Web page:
Just a glance at the list of titles included in the works of Proudhon gives a sense of just how much we’re taking on when we think about understanding his thought, producing an edition of his works, etc. It is a body of work that is equally enticing and daunting. Benjamin R. Tucker’s first Proudhon Library barely made a dent in it. And, so far, my own attempts haven’t exactly been dazzling in their successes, at least when measured against what remains to be done. One of the difficulties, of course, has been knowing where to start.

Anything like a “correct” answer to that question has depended a great deal on contexts, but often, and perhaps increasingly as time has passed, on contexts established by the reception of Proudhon’s work in earlier eras. Some of the results have been a bit bizarre. You have to wonder, for example, what Tucker, with his plumbline anarchism, made of a work like The System of Economic Contradictions, in which there is precious little that is linear anywhere to be found. Or we could contemplate the popularity among radicals of The General Idea of the Revolution in the Nineteenth Century, a book addressed explicitly to the bourgeoisie, translated by John Beverley Robinson in a way that basically guarantees that the one concept that will remain unclear to the English reader is anarchy itself. I’ve had to come to terms with the extent to which my own understanding of Proudhon’s thought depending on an ongoing engagement with Theory of Property—a work I had every encouragement to consider unreliable or compromised, until I took the time to compare the printed version to the manuscript, learned to place it in its proper place in the larger body of work, etc. More obvious choices, like The Principle of Federation, have tended to produce what seem to me the strangest of impressions, were there no so many obvious preconceptions out there working against other readings. The relative quiet surrounding the recent translation of War and Peace seems to be some version of the same effect.

Someone asked me earlier today on social media what the “gateway” texts were to Proudhon’s thought. Thanks to recent work, my answer was more confident than it has generally been, focusing on the methodological writings and the writings on collective force, which seem to be the key to understanding everything else.

The most important methodological writings are arguably:

  • Philosophy of Progress: Program (1853)
  • Popular Philosophy: Program (from the 1860 2nd edition of Justice in the Revolution and in the Church)
  • The still-untranslated sections on “serial dialectic” from De la création de l’ordre dans l’humanité (1853)
  • The discussion of definable and indefinable notions from Ms. 2863 of Economy (early 1850s)

The two other works that discuss collective force — which was introduced in What is Property? (notes) — are:

  • Principles of the Philosophy of Progress (from Economy)
  • Little Political Catechism (from Justice…) (Jesse Cohn’s translation)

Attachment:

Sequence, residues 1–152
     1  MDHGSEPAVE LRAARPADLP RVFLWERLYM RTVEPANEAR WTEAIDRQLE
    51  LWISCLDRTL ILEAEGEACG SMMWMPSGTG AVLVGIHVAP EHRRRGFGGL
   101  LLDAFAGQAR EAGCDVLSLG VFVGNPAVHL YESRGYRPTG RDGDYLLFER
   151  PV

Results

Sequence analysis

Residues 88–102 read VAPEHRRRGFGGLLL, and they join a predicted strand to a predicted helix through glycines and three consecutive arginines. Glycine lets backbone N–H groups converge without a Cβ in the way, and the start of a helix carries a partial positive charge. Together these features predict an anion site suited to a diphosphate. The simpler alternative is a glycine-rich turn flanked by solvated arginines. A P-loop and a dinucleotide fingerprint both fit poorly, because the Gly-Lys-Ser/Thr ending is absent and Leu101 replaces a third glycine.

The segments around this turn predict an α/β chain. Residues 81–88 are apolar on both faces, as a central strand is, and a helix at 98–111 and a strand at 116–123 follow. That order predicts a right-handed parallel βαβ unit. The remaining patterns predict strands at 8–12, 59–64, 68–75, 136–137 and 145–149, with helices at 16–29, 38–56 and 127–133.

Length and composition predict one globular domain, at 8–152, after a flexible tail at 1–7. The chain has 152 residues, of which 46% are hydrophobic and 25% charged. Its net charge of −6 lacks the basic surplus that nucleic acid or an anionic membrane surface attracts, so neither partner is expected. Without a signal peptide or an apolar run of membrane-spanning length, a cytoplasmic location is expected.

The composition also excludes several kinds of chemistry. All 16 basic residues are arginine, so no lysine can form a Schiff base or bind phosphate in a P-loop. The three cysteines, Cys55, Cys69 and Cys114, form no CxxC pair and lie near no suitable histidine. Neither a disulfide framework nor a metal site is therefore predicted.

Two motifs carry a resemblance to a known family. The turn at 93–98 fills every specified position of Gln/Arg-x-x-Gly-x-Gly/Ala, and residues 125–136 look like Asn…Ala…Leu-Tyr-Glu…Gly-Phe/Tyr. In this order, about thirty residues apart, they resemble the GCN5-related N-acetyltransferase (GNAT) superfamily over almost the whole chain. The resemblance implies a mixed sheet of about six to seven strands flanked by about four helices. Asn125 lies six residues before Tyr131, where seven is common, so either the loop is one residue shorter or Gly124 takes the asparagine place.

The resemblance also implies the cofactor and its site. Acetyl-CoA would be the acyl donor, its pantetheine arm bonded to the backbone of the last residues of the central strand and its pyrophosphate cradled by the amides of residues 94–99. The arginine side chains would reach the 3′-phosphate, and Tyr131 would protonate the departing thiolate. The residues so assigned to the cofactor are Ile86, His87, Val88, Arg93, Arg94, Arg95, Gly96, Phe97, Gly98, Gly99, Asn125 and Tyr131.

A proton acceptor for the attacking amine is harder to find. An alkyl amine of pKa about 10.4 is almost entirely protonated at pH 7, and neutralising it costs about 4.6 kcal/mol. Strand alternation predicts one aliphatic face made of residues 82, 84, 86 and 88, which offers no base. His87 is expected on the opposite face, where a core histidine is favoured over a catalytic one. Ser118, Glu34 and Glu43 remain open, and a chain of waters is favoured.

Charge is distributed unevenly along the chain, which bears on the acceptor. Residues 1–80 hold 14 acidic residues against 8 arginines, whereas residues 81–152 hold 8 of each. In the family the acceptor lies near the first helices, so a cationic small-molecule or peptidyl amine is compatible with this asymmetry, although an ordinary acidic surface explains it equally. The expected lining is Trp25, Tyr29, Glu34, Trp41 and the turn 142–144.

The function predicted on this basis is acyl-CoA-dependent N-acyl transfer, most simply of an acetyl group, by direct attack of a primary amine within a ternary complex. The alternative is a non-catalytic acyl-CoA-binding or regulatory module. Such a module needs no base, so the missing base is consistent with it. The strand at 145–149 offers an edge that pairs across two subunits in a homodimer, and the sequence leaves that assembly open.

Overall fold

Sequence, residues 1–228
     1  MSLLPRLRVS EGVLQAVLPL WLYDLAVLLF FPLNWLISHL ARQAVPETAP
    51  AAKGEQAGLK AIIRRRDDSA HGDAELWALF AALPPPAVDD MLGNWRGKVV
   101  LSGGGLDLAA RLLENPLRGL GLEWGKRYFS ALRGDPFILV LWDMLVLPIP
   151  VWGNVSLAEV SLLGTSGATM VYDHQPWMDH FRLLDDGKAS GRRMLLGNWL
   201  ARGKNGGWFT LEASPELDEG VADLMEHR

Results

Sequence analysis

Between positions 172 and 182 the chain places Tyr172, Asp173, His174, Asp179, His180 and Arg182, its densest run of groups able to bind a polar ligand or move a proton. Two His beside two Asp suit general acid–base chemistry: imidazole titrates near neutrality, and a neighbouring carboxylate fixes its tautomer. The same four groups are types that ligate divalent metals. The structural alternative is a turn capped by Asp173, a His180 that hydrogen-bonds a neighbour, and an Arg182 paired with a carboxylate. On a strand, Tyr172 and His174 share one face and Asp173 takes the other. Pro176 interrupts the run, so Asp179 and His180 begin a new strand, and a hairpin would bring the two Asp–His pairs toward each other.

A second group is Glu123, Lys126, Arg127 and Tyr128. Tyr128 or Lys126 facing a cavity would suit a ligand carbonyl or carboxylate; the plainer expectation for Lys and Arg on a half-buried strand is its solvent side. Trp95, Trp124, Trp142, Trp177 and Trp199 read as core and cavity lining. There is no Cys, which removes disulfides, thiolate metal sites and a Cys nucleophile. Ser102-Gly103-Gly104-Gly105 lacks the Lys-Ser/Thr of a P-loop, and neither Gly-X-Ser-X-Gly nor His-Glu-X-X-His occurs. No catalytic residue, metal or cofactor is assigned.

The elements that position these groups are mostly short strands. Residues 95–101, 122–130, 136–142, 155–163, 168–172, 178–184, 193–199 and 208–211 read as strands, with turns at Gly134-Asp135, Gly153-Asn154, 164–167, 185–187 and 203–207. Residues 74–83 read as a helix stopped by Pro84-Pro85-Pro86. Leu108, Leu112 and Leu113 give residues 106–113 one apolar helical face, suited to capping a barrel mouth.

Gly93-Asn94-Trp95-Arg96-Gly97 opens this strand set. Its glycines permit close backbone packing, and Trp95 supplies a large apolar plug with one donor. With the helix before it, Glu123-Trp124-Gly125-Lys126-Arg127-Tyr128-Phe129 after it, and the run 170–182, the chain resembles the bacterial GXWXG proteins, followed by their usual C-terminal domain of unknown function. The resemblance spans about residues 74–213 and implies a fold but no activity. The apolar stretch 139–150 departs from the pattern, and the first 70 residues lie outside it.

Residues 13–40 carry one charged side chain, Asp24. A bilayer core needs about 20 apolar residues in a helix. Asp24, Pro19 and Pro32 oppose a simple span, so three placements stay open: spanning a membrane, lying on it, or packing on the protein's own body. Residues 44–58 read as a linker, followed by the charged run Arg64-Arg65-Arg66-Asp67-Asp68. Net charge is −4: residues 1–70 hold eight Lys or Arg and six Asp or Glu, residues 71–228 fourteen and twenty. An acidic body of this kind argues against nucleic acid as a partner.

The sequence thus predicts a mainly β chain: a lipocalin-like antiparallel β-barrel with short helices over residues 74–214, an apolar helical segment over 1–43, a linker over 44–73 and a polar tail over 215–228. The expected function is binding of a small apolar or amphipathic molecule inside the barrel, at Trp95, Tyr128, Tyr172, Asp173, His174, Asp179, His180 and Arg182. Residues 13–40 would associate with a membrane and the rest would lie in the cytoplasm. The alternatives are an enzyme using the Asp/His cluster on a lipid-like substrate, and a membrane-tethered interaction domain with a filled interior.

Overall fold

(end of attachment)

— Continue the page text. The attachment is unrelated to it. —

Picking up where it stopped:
Most of the works not individually linked can be accessed through the proudhonlibrary.org project page liked above.

The thing that strikes me, however, looking over these lists is that — with the exception of the important discussion of indefinable notions in Economy — most of these potential gateway texts have been freely available online for quite a while now, without actually serving as a gateway for more than a few brave souls, most of whom are prepared to take the next steps, beyond the gateways, in French. Enough of the right sections and fragments are translated that anyone who cares to can now probably piece together a general sense of Proudhon’s concerns, but that’s different than having a work available, in the stronger sense of that term, with which readers can fully engage.

War and Peace is very close to being that work. If it was just a bit closer, I might not be engaged in the work I’m doing now, which I have managed to put off for a number of years now. But what I learned from wrestling with War and Peace was that I really needed to come back and come to terms with Justice in the Revolution and in the Church, which prepares the intellectual and rhetorical ground for it. I am not suggesting that anyone who feels the slightest inclination to tackle War and Peace should wait around for this work to finish. I might recommend a look at the material on indefinable notions and perhaps a read though the Program of Popular Philosophy, but that degree of methodological preparation ought to provide whatever preparation is possible for the fascinating, but ultimately difficult task of keeping up with Proudhon as he moves from his celebration of war to his invocation of a complex peace. And there are elements specific to War and Peace, like the discussion of the gamut of rights, that will probably be helpful in understanding Justice. The way that Proudhon scattered related insights across various works was probably an inescapable effect of the conditions under which he produced his work and no one who wants to construct an understanding of his broad project from the primary sources will escape the need to work back and forth across the various texts in order to draw all of the possible conclusions. The contention I have made in the title of this post, about the textual and conceptual “center” of Proudhon’s work, is the kind of claim you can’t make without that sort of engagement.